The effect of IPS on participants' engagement, quality of life, empowerment, and motivation: a randomized controlled trial

Scand J Occup Ther. 2013 Nov;20(6):420-8. doi: 10.3109/11038128.2013.765911. Epub 2013 Feb 7.

Abstract

Objective: To investigate the effectiveness of Individual Placement and Support (IPS) with regard to non-vocational outcomes among individuals with severe mental illness.

Methods: A randomized controlled trial was carried out, comparing IPS with traditional vocational rehabilitation. The Empowerment Scale, the Worker Role Interview, the Profile of Occupational Engagement, and the Manchester Short Assessment of Quality of Life were administered to 120 clients, at baseline, six, and 18 months.

Results: IPS participants showed higher scores in quality of life (p = 0.002), empowerment (p = 0.047), and work motivation (p = 0.033) at 18 months. Within the IPS group, a significant change in QOL was shown at six (p = 0.002) and 18 months (p = 0.000), and in occupational engagement (p = 0.003; p = 0.012).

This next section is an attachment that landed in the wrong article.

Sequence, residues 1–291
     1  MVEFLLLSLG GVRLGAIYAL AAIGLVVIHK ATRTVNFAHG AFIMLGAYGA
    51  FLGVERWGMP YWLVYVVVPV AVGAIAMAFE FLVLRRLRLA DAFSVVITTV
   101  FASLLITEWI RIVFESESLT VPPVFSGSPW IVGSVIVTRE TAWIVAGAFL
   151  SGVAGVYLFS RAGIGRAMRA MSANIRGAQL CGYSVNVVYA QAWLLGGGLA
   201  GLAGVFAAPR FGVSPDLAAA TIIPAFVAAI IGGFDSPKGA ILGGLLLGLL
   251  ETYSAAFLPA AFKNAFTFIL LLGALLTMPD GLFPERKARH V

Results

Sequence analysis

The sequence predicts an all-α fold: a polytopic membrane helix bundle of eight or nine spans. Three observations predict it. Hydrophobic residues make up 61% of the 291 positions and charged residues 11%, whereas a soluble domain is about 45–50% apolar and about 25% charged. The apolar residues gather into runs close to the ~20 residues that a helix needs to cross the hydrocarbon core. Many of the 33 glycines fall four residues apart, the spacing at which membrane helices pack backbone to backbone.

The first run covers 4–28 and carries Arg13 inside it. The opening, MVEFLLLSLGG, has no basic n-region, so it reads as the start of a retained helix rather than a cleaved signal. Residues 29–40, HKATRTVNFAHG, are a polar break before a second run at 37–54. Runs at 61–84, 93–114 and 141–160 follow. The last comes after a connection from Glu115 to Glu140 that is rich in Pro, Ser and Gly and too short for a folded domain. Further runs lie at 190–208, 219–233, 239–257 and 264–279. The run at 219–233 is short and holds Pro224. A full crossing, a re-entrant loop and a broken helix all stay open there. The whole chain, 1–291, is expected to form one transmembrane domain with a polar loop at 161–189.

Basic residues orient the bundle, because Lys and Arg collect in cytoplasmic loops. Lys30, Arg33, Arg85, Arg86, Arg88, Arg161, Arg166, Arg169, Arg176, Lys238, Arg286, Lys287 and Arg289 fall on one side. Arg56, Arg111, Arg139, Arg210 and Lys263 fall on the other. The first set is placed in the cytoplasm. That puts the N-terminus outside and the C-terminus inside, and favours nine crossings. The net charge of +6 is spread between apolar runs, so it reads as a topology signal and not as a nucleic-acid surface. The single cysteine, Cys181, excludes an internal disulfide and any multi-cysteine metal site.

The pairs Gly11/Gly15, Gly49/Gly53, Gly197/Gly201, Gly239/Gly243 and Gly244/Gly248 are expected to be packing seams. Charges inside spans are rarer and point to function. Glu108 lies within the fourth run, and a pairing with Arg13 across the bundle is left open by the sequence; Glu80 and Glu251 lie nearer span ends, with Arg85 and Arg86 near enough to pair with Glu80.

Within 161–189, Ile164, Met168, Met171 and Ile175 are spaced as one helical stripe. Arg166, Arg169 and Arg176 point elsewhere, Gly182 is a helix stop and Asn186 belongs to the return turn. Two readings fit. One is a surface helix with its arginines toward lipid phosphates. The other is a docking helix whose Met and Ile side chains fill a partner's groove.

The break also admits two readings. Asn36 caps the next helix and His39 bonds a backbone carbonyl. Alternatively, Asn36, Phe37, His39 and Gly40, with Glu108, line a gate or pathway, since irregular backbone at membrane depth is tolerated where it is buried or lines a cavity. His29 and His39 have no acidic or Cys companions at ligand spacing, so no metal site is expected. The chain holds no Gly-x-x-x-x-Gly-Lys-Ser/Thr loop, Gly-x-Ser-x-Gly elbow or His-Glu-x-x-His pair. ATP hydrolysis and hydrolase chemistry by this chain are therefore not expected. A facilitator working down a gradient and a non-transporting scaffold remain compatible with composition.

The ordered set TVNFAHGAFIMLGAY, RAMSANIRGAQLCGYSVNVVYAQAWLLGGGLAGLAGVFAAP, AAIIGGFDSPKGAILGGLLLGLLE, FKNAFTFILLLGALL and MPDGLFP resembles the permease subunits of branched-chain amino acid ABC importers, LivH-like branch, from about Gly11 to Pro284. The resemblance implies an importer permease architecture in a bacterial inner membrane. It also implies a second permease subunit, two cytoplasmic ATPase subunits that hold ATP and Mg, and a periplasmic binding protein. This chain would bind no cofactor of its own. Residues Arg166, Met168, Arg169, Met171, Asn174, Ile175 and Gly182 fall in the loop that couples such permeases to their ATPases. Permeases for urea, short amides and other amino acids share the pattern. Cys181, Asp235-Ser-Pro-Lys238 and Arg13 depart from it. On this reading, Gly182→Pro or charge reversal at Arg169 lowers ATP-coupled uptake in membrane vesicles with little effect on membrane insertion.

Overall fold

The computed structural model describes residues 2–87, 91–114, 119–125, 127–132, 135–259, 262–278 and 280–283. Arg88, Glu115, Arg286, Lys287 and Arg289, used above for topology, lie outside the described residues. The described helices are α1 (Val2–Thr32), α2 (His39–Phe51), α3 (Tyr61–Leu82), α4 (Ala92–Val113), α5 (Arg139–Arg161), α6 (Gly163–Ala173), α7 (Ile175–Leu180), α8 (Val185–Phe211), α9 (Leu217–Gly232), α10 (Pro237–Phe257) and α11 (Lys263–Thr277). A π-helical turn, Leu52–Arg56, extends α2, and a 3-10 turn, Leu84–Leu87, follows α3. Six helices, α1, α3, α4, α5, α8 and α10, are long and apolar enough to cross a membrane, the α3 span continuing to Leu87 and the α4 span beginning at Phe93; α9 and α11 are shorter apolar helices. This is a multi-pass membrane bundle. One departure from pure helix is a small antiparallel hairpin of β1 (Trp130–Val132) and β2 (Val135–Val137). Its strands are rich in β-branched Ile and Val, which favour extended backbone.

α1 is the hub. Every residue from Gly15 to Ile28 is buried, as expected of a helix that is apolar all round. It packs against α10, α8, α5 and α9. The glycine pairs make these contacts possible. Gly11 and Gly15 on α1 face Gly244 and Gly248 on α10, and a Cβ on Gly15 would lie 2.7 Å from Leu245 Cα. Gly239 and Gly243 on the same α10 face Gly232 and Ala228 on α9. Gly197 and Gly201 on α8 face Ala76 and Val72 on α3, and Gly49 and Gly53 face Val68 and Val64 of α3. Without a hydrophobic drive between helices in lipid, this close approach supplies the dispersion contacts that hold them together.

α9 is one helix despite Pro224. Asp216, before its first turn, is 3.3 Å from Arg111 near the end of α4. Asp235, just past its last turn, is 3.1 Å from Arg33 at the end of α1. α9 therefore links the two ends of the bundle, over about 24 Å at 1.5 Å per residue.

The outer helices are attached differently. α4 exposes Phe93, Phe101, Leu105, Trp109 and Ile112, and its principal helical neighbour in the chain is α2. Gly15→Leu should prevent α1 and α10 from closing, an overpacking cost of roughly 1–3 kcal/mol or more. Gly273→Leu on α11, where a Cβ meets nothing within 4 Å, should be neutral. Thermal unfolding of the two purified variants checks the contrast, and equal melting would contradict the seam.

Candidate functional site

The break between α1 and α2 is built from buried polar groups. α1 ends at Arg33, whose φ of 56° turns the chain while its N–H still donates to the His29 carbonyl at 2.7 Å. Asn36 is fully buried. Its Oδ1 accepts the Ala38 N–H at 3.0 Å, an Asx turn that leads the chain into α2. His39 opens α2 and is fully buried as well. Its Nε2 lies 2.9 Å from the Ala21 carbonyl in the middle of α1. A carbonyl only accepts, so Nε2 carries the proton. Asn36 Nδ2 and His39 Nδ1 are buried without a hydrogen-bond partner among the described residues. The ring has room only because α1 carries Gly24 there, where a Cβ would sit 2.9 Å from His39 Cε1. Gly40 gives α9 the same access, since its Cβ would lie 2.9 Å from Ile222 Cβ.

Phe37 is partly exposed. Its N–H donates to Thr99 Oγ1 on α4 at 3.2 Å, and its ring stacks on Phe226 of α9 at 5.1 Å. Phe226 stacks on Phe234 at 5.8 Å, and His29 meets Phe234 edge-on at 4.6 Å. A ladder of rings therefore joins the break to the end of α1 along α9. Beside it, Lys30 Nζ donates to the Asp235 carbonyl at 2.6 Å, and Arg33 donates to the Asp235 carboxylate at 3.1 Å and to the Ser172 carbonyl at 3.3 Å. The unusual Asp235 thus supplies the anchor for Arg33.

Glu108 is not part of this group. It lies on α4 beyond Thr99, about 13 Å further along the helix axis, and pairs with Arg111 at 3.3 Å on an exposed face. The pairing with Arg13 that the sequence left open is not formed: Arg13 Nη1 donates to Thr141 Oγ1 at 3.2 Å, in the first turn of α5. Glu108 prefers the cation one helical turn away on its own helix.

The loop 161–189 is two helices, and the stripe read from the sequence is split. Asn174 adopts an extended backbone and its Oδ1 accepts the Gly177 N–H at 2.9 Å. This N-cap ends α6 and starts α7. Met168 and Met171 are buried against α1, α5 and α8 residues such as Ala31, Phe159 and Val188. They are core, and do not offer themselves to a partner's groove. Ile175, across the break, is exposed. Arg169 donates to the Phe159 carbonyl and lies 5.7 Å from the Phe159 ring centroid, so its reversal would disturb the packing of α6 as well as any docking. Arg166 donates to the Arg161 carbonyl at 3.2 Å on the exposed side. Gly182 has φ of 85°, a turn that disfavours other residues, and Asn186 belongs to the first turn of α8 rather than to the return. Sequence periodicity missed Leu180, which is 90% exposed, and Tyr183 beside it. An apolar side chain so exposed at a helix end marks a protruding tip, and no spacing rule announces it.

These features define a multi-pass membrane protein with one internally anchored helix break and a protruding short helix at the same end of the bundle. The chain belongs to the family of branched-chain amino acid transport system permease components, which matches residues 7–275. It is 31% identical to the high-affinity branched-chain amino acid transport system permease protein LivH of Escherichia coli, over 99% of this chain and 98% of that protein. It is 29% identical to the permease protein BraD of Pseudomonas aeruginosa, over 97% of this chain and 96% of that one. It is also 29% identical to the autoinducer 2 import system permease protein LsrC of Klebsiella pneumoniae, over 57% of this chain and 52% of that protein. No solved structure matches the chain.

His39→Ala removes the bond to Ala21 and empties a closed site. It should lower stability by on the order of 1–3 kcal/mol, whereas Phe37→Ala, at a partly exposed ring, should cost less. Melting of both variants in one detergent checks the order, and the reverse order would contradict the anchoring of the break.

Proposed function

Conclusions: IPS can be part of a recovery process as individuals may increase their life satisfaction and time spent in daily occupations and community life.

Publication types

  • Comparative Study
  • Randomized Controlled Trial
  • Research Support, Non-U.S. Gov't

MeSH terms

  • Adult
  • Employment, Supported / methods
  • Employment, Supported / psychology*
  • Female
  • Humans
  • Male
  • Mental Disorders / psychology
  • Mental Disorders / rehabilitation*
  • Middle Aged
  • Motivation*
  • Occupational Therapy
  • Power, Psychological*
  • Psychiatric Status Rating Scales
  • Quality of Life / psychology*
  • Work / psychology